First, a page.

White House Expels Russian Diplomats, Imposes New Sanctions

April 15, 2021 by Dan McCue
Russian President Vladimir Putin visits the Coordination Center of the Russian Government in Moscow, Russia, Tuesday, April 13, 2021. The centre was set up as a line of communication with the whole of Russia for analysing and collecting information, promptly using big data and solving arising problems. (Mikhail Metzel, Sputnik, Kremlin Pool Photo via AP)

The White House on Thursday unveiled sweeping sanctions on Russia in retaliation for cyberattacks, foreign influence operations and other behavior. The measures include the expulsion of 10 Russian diplomats.

The moves were announced Thursday morning in a lengthy statement from the Biden administration which for the first time explicitly linked the Russian intelligence service to  the SolarWinds cyber attack, reports of bounties on U.S. soldiers in Afghanistan, and attempts to interfere in the 2020 U.S. elections.

The sanctions, foreshadowed for weeks by the administration, would represent the first retaliatory action announced against the Kremlin for last year’s hack, familiarly known as the SolarWinds breach.

In that intrusion, Russian hackers are believed to have infected widely used software with malicious code, enabling them to access the networks of at least nine agencies in what U.S. officials believe was an intelligence gathering operation aimed at mining government secrets.

The sanctions announced by the White House are as follows:

— A ban on the sale, transfer, withdrawal or export of any property interest in the United States that belongs to individuals involved in efforts to undermine U.S. elections or otherwise engaged in malicious cyber activities.

— Those who will be subject to sanctions will be determined by the Treasury secretary, in consultation with the Secretary of State and the attorney General.

— Those targeted by the sanctions are government officials as well as individuals who have operated in the technology and/or defense sector of the Russian economy and who are known to have been directly or indirectly engaged in:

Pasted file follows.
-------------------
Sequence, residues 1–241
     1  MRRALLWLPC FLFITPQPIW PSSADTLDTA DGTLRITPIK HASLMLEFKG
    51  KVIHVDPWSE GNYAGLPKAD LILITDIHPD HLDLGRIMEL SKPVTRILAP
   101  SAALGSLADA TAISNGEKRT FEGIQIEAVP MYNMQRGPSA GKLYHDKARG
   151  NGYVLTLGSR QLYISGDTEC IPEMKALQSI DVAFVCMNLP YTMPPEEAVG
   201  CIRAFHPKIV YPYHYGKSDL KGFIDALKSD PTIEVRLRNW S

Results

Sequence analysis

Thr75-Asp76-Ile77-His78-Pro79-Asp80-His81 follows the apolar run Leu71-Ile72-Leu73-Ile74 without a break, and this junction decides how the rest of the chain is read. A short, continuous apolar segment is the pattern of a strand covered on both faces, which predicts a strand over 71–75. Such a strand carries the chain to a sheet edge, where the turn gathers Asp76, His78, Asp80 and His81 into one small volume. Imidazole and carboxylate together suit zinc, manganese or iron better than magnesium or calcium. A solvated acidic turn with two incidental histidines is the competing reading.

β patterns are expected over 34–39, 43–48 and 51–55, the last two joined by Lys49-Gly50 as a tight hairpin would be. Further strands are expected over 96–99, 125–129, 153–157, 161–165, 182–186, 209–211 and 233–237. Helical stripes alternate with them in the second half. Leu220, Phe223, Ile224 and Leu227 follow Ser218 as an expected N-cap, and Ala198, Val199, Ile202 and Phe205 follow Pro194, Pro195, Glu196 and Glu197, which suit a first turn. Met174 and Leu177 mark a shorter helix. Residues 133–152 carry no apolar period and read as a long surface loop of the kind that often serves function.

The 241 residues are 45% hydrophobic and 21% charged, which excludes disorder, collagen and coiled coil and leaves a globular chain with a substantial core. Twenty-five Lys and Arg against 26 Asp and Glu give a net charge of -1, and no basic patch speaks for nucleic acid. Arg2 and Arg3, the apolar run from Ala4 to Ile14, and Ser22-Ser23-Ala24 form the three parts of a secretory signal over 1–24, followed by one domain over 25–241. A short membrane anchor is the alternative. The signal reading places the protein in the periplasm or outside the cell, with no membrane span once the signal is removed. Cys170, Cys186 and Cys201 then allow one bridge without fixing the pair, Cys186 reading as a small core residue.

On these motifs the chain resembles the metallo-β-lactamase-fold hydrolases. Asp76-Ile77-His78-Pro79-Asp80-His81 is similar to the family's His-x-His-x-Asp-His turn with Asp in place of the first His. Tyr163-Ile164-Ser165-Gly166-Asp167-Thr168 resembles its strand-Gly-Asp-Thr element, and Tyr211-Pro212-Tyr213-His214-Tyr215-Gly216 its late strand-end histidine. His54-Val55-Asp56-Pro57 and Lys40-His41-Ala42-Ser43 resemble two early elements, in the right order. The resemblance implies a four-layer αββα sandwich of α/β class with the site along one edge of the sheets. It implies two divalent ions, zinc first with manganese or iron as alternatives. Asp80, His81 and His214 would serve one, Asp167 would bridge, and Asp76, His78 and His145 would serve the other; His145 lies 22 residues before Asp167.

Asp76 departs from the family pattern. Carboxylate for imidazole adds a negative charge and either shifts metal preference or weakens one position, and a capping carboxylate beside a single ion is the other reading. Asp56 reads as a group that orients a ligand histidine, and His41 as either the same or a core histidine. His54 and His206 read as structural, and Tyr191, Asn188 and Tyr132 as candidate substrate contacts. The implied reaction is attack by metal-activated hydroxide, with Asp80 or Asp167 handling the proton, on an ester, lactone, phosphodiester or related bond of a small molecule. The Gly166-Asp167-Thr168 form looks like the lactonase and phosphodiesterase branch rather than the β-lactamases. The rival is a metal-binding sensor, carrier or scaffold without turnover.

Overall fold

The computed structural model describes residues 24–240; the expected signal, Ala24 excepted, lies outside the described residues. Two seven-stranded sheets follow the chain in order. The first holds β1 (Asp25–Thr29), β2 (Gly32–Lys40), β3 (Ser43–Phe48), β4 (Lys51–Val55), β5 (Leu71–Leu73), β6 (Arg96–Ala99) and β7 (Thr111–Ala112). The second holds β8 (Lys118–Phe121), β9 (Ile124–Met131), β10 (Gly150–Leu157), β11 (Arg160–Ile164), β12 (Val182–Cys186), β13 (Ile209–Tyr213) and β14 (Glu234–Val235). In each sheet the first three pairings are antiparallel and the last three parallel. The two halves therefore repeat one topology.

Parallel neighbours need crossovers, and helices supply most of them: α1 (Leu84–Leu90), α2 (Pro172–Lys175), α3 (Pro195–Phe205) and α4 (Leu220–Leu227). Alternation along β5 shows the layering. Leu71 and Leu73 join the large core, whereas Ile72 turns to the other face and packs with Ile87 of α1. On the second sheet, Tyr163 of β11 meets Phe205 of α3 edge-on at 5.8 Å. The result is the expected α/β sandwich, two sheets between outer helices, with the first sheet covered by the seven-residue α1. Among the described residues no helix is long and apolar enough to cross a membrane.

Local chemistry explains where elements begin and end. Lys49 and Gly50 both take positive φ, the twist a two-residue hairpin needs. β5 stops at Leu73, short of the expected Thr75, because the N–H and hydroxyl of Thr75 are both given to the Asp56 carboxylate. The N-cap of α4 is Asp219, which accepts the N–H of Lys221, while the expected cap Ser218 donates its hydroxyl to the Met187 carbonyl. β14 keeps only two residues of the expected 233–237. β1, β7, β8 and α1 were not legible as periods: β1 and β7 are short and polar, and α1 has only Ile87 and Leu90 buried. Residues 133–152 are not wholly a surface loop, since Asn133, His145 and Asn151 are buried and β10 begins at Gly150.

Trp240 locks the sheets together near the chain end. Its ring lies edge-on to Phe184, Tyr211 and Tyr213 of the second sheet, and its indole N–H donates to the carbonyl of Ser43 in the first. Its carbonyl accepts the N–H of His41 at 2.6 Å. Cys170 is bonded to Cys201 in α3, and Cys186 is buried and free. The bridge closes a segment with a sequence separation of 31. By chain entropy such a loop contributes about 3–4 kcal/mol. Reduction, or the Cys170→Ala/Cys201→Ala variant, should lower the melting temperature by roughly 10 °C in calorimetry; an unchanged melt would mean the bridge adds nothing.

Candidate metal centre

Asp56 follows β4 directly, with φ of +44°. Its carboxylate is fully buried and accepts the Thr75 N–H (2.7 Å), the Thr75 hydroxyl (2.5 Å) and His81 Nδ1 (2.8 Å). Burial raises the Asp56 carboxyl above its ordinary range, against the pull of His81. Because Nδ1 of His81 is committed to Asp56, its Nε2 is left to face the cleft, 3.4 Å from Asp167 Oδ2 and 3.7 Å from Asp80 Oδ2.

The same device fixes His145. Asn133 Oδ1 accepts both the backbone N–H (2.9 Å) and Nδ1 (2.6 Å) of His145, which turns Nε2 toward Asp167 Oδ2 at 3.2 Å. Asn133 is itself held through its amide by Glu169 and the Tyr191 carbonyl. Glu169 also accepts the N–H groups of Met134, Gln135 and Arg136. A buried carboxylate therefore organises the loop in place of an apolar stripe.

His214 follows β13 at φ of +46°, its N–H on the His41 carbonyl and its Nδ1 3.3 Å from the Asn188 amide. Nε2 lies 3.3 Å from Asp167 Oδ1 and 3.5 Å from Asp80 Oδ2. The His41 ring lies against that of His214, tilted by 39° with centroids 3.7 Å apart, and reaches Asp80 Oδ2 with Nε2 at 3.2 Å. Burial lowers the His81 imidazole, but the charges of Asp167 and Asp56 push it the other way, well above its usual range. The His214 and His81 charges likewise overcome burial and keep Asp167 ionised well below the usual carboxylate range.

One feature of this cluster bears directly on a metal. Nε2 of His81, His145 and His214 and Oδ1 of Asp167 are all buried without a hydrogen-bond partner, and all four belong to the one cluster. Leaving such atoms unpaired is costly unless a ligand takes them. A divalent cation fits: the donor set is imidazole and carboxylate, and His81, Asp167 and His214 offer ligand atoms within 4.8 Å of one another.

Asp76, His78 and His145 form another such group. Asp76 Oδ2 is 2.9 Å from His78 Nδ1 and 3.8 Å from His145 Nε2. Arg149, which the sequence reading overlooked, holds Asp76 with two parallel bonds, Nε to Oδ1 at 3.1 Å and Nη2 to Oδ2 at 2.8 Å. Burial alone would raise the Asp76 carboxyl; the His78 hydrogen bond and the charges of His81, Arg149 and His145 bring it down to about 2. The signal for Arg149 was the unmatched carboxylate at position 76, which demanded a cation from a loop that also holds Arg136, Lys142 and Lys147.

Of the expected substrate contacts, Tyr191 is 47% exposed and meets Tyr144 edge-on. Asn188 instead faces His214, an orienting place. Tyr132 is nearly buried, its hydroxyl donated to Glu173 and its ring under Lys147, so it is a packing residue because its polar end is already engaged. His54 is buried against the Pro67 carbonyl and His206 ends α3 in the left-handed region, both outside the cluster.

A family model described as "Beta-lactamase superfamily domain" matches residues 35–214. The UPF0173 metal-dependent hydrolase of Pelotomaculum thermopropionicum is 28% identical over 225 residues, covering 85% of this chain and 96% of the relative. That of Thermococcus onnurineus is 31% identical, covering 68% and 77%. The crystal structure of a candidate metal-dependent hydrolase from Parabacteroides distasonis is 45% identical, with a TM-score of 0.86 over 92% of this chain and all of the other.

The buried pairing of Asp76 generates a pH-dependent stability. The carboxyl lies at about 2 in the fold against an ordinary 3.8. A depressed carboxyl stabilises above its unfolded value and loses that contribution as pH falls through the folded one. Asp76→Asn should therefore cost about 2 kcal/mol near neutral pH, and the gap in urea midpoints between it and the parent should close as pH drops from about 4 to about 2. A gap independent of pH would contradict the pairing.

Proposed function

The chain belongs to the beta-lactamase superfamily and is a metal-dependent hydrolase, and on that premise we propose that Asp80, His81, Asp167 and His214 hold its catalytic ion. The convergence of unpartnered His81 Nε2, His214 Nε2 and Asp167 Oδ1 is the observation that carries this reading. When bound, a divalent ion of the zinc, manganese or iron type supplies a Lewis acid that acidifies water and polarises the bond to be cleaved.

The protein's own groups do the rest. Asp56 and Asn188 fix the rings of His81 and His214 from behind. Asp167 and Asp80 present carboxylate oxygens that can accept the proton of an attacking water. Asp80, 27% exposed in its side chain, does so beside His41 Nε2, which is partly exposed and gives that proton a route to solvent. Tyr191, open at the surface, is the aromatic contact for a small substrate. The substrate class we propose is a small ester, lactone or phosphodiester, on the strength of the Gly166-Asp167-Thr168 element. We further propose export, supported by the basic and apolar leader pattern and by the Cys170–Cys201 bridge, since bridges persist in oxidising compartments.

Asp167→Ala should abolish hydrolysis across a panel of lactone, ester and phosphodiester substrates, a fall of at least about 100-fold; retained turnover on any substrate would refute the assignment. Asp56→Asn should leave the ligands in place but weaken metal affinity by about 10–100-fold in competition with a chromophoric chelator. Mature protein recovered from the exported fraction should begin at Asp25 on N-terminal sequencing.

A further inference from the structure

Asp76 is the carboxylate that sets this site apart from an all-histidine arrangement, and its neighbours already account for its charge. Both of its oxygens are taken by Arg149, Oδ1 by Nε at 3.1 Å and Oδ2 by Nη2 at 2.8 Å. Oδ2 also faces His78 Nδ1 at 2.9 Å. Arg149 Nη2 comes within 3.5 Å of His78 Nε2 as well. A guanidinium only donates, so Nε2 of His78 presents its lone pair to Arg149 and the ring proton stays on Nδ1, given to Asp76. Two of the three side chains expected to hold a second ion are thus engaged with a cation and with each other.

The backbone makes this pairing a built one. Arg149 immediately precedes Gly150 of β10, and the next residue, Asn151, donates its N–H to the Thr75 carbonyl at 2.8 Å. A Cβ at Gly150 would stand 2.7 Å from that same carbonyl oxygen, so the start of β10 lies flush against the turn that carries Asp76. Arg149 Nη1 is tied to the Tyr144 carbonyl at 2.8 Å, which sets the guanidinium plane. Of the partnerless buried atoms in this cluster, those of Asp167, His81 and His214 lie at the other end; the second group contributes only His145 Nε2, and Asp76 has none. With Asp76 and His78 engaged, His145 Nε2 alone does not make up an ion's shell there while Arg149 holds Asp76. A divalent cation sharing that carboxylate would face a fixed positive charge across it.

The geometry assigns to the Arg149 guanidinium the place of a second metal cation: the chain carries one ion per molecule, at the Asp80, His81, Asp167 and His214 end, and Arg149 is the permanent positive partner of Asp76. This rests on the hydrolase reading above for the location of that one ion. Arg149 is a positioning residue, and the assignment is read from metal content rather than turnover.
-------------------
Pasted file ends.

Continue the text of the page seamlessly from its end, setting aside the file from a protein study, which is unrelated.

(A)  malicious cyber-enabled activities;

  (B)  interference in a United States or other foreign government election;

  (C)  actions or policies that undermine democratic processes or institutions in the United States or abroad;   

  (D)  transnational corruption;

  (E)  assassination, murder, or other unlawful killing of, or infliction of other bodily harm against, a United States person or a citizen or national of a United States ally or partner;

  (F)  activities that undermine the peace, security, political stability, or territorial integrity of the United States, its allies, or its partners; or

  (G)  deceptive or structured transactions or dealings to circumvent any United States sanctions, including through the use of digital currencies or assets or the use of physical assets.

 In addition, the president’s order suspends the right of unrestricted immigrant and nonimmigrant entry into the United States of noncitizens determined to meet one or more of the criteria above.

In a written statement, Secretary of State Antony Blinken said the administration had engaged Russian authorities to share our concerns about their actions and the steps the U.S. is taking in response. 

“Under this new Executive Order, the Treasury Department is issuing a directive prohibiting U.S. financial institutions from conducting transactions in the primary market for new ruble or non-ruble denominated bonds issued after June 14, 2021,” Blinken said. “This Executive Order also provides authority for the U.S. government to expand sovereign debt sanctions on Russia as appropriate.”

In addition to the measures described above, the U.S., together with its partners and allies, on March 2 the U.S.  responded to Russia’s attempt to poison Aleksey Navalny using a chemical weapon and his subsequent arrest and imprisonment.  

“We remain concerned about Navalny’s health and treatment in prison, and call for his unconditional release.,” Blinken said.

“These actions are intended to hold Russia to account for its reckless actions. We will act firmly in response to Russian actions that cause harm to us or our allies and partners. Where possible, the United States will also seek opportunities for cooperation with Russia, with the goal of building a more stable and predictable relationship consistent with U.S. interests,” the secretary said.

“Additionally, the State Department is taking steps to bolster cybersecurity partnerships internationally, including by providing a new training course with partners on the policy and technical aspects of publicly attributing cyber incidents and by supporting training on responsible state behavior in cyberspace,” Blinken added.

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